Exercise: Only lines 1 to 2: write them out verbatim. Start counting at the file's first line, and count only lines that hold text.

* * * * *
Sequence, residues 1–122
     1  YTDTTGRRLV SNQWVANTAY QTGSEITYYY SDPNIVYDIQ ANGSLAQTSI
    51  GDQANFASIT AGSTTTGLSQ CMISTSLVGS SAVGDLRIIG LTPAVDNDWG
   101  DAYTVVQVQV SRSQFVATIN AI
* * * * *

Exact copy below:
Sequence, residues 1–122
     1  YTDTTGRRLV SNQWVANTAY QTGSEITYYY SDPNIVYDIQ ANGSLAQTSI